CBT focuses on changing unhealthy thoughts such as rationalizations and false beliefs to healthier and more positive, self-efficacious thoughts. Cognitive techniques are taught to the client to fight the urge to succumb to behavioral addictions, and also deal with uncomfortable emotions that result.

Family therapy and multifamily group therapy are also possible and interesting approaches, and they are particularly suitable to collectivistic cultures where families have a strong role to play in the lives of individuals of all ages, and where multiple families can easily join hands for a common goal.

Young [24] has done considerable work in the area of internet addiction assessment as well as intervention, and suggests several tips for persons who are attempting to deal with this addiction.

  1. Practice the opposite: Setting up fresh schedules which are in direct contrast with the already-established patterns of online behavior
  2. External stoppers: Real events or activities of the patient can serve as prompts to log off of the Internet
  3. Setting goals: The patient himself or herself could set goals for how much time can be “allowed” online before taking a compulsory offline break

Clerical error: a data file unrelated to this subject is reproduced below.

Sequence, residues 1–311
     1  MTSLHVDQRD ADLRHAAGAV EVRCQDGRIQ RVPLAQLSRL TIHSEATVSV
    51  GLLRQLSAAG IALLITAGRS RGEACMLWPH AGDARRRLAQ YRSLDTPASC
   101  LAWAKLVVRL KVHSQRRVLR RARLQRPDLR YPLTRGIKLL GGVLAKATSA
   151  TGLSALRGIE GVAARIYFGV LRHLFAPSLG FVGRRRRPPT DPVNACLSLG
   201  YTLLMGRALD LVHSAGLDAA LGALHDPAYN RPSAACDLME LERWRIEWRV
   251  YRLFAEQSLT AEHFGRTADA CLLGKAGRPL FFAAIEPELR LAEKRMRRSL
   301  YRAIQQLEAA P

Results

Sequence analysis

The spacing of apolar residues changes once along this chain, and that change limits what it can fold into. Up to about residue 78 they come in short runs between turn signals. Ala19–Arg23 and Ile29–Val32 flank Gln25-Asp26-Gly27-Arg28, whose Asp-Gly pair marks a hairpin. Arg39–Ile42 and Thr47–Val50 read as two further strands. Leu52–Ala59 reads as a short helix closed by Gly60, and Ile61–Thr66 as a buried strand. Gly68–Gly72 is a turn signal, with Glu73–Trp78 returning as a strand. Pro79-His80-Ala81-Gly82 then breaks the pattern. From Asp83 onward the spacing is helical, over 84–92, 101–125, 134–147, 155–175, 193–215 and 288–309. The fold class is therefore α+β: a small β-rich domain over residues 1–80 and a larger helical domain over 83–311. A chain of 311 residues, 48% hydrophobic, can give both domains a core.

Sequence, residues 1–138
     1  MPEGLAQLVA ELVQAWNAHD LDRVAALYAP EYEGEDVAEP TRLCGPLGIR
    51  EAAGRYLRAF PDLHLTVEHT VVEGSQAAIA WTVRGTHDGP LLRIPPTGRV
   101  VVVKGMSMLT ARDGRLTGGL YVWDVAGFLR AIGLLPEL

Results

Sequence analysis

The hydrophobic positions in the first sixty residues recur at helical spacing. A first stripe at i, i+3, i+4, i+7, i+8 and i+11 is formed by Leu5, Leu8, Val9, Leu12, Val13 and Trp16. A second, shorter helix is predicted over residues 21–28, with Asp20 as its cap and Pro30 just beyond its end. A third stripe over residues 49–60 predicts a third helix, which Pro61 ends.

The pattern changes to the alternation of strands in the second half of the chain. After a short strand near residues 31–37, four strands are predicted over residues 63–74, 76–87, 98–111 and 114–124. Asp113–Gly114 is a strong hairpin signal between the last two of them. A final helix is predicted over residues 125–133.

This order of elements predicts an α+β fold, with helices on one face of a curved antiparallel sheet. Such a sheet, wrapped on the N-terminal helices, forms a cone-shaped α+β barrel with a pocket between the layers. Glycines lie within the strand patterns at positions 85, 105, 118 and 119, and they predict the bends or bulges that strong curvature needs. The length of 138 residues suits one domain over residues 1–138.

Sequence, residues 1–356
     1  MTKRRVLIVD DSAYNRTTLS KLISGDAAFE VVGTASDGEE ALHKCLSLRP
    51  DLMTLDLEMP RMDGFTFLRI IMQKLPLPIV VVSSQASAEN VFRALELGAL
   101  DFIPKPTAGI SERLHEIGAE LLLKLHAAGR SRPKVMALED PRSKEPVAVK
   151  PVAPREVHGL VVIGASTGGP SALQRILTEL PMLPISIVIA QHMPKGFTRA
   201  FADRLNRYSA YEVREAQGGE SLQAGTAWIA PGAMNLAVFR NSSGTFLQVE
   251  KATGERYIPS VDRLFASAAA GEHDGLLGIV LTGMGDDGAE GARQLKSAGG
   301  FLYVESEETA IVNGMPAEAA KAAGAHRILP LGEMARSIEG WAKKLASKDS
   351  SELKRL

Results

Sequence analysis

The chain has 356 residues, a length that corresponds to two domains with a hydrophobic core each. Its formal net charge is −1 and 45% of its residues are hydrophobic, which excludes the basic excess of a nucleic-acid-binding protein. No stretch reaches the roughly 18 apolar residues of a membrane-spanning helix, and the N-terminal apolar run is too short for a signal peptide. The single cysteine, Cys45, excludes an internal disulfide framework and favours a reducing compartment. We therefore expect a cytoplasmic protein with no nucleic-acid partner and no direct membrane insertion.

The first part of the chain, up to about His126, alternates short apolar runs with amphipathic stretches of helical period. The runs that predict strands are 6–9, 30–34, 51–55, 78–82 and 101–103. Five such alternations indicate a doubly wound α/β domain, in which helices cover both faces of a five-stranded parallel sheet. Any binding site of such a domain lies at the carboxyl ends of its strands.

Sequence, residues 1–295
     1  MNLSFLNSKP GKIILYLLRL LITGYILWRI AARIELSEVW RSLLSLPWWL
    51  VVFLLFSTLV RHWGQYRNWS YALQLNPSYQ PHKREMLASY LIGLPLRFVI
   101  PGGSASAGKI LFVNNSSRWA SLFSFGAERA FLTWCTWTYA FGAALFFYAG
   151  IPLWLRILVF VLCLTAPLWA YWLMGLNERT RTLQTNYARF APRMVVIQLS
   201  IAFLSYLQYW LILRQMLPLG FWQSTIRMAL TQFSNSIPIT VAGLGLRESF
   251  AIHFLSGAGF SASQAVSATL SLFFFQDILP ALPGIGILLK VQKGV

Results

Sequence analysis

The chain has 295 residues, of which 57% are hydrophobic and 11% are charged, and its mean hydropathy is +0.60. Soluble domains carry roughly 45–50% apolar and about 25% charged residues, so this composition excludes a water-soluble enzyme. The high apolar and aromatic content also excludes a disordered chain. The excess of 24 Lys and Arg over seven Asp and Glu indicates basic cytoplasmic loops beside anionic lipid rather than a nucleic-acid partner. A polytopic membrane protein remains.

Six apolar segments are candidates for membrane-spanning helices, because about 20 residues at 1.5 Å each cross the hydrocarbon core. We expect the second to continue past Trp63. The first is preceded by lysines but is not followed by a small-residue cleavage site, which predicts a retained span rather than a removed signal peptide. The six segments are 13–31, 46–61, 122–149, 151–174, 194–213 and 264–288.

4. Abstinence: The patient chooses to completely stay off the applications which they find the most tempting to use
  5. Reminder cards: Visible cue cards that list costs and benefits and remind the patient of the disadvantages of their internet addiction and the advantages of breaking the addiction, can be created by the patients themselves and kept in visible places
  6. Personal inventory: The patient can make a list of all the pleasurable things they miss out on doing because of time devoted to the addiction
  7. Support groups: Patients who are addicted often lack social support, and therefore would benefit greatly from support groups
  8. Family therapy: Family interventions are necessary to address relational problems that may have contributed to or resulted from internet addictions.